Research AreasCorporate Finance
Assistant Professor of Finance
Townsend’s research is focused on corporate finance, with an emphasis on entrepreneurship and corporate governance. His research has been published in Journal of Finance, Journal of Financial Economics, and Management Science. He is a recipient of the Kauffman Foundation Junior Faculty Fellowship for entrepreneurship research. His research has been awarded the Journal of Financial Economics Jensen Prize and the AQR Insight Award.
Townsend received a Bachelor's degree in Economics from Stanford University and earned his Ph.D in Economics from Harvard University in 2011. Prior to coming to the Rady School, Townsend was an Assistant Professor of Finance at the Tuck School of Business at Dartmouth College.
Do Household Wealth Shocks Affect Productivity? Evidence from Innovative Workers During the Great Recession
(with Shai Bernstein and Timothy McQuade), Journal of Finance, Forthcoming
Are Early Stage Investors Biased Against Women?
(with Michael Ewens), Journal of Financial Economics, Forthcoming
How Do Quasi-Random Option Grants Affect CEO Risk-Taking?
(with Kelly Shue), Journal of Finance, 2017, 76(6): 2551-2588
Growth through Rigidity: An Explanation of the Rise in CEO Pay (Lead Article)
(with Kelly Shue), Journal of Financial Economics, 2017, 123(1): 1-21
JFE Jensen Prize for Best Papers in Corporate Finance and Organizations (2nd Prize)
The Impact of Venture Capital Monitoring
(with Shai Bernstein and Xavier Giroud), Journal of Finance, 2016, 71(4): 1591-1622
Propagation of Financial Shocks: The Case of Venture Capital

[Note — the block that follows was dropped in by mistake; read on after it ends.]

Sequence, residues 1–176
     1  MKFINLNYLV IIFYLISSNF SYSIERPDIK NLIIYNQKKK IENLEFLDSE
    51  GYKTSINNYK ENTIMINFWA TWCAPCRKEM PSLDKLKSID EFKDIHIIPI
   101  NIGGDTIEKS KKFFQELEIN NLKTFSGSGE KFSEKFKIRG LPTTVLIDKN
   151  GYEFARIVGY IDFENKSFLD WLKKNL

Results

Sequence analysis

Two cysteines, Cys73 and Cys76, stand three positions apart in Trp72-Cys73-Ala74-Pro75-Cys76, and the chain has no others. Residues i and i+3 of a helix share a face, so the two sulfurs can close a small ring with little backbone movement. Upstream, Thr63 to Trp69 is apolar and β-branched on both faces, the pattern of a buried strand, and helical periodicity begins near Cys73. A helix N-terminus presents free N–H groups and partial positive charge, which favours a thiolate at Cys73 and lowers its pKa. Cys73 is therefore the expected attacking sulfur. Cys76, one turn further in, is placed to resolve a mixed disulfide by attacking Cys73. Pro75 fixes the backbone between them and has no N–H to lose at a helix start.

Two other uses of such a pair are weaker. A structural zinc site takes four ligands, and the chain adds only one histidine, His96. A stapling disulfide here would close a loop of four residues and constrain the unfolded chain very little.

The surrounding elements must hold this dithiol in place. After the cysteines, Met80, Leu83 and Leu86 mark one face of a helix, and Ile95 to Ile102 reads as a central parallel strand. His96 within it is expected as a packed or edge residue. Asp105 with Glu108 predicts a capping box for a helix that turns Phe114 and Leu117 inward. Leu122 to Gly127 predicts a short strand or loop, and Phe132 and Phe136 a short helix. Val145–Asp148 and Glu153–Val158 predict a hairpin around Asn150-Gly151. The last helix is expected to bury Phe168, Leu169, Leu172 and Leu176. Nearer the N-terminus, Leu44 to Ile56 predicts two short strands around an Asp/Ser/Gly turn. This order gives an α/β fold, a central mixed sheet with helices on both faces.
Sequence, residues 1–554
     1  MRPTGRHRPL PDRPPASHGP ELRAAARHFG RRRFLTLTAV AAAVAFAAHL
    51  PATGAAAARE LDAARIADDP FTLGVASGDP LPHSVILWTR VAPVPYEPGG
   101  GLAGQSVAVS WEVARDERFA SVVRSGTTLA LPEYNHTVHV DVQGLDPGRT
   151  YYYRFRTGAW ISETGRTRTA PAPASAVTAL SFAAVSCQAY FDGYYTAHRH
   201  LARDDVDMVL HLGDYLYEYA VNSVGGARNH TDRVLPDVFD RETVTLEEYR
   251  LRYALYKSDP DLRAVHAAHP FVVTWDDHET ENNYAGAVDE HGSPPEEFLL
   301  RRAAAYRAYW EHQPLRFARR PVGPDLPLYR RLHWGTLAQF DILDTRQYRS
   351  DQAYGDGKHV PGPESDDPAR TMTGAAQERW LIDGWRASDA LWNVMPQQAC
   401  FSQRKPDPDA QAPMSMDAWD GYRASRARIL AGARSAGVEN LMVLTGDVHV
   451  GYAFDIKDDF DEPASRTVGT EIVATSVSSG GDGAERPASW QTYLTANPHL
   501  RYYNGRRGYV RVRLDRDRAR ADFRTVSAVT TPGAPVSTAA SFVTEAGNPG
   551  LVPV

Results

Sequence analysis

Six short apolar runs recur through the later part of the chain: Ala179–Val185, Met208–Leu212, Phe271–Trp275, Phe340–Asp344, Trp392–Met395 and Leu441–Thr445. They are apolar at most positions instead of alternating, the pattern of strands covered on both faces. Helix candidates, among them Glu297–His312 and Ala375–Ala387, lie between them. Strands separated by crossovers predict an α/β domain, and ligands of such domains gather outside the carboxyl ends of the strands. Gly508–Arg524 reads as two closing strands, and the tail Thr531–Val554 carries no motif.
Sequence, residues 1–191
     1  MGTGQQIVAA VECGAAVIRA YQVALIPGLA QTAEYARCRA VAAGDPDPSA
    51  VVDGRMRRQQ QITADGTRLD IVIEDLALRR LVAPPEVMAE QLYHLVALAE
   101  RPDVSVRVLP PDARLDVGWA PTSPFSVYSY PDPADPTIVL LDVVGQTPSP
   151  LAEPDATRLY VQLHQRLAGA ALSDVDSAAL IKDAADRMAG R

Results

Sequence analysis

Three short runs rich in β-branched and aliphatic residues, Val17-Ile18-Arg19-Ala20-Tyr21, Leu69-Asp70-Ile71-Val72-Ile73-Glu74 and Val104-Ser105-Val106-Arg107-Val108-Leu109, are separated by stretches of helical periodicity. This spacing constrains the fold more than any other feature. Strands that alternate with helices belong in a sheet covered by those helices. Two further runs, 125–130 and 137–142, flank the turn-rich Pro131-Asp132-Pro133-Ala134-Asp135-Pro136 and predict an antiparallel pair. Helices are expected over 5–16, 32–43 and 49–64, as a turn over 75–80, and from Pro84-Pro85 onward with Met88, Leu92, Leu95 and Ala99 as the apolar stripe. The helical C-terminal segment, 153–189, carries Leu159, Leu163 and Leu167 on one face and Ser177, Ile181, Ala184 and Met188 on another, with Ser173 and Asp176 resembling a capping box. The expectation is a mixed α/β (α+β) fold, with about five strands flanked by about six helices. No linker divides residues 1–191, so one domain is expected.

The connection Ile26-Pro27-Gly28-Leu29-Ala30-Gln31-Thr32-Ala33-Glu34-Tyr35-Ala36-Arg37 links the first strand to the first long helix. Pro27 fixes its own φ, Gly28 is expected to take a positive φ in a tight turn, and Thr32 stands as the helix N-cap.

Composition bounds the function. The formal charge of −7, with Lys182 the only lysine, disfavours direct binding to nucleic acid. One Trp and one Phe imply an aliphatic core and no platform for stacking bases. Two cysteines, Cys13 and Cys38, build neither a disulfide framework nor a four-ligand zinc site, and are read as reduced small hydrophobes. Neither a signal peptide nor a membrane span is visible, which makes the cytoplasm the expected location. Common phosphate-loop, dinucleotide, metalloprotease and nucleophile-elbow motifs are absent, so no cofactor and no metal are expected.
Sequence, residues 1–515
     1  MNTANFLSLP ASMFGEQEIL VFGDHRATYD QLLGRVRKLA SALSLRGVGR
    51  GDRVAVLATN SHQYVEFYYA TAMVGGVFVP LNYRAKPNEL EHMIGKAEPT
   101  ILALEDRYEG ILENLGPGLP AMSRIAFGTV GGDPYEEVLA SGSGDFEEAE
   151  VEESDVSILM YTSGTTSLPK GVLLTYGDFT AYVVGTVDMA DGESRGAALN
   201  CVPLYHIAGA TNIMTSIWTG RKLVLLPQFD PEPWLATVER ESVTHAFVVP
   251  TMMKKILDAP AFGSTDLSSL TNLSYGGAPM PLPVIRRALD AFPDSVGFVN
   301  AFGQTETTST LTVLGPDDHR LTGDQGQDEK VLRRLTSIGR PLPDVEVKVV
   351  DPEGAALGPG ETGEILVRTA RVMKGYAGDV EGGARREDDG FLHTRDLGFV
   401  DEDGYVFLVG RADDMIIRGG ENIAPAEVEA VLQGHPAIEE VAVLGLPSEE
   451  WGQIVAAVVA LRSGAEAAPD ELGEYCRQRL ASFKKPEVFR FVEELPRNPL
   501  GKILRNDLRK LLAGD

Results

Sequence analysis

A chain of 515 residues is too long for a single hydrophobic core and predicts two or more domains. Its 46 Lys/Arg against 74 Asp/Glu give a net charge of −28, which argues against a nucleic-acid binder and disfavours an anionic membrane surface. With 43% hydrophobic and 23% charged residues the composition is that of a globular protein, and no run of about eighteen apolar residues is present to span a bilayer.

Management Science, 2015, 61(11): 2782-2802
Can the Market Multiply and Divide? Non-Proportional Thinking in Financial Markets
(with Kelly Shue), Revise and Resubmit, Journal of Finance
AQR Insight Award (1st Prize)
We hypothesize that investors partially think about stock price changes in dollar rather than percentage units, leading to more extreme return responses to news for lower-priced stocks. Consistent with such non-proportional thinking, we find a doubling in price is associated with a 20-30% decline in volatility and beta (controlling for size and liquidity). To identify a causal effect of price, we show that volatility increases sharply following stock splits and drops following reverse splits. Lower-priced stocks also respond more strongly to firmspecific news of the same magnitude. Non-proportional thinking offers a unifying explanation for asset pricing patterns such as the size-volatility/beta relation, the leverageeffect
puzzle, and return reversals.
Does Career Risk Deter Potential Entrepreneurs?
(with Joshua Gottleib and Ting Xu), Revise and Resubmit, Review of Financial Studies
Do potential entrepreneurs remain in wage employment because of concerns that they will face worse job opportunities should their entrepreneurial ventures fail? Using a Canadian reform that extended job-protected leave to one year for women giving birth after a cutoff date, we study whether the option to return to a previous job increases entrepreneurship. A regression discontinuity design reveals that longer job-protected leave increases entrepreneurship by 1.9 percentage points. These entrepreneurs start incorporated businesses that hire employees—in industries where experimentation before entry has low costs and high benefits. The effects are concentrated among those with more human and financial capital.
How do Consumers Fare when Dealing with Debt Collectors? Evidence from Out-of-Court Settlements
(with Ing-Haw Cheng and Felipe Severino), Revise and Resubmit, Review of Financial Studies
Do deals with debt collectors alleviate consumer financial distress? Using new data linking court and credit registry records, we examine civil collection lawsuits where consumers can settle out of court. Random assignment of judges with different styles generates exogenous variation in the likelihood of settlement negotiations. We find that settlements increase consumer financial distress. Settlements appear to increase distress by draining liquidity without improving access to credit or lowering total payments. Consumers might agree to distress-inducing deals for non-pecuniary reasons or because they are ill-informed of their options.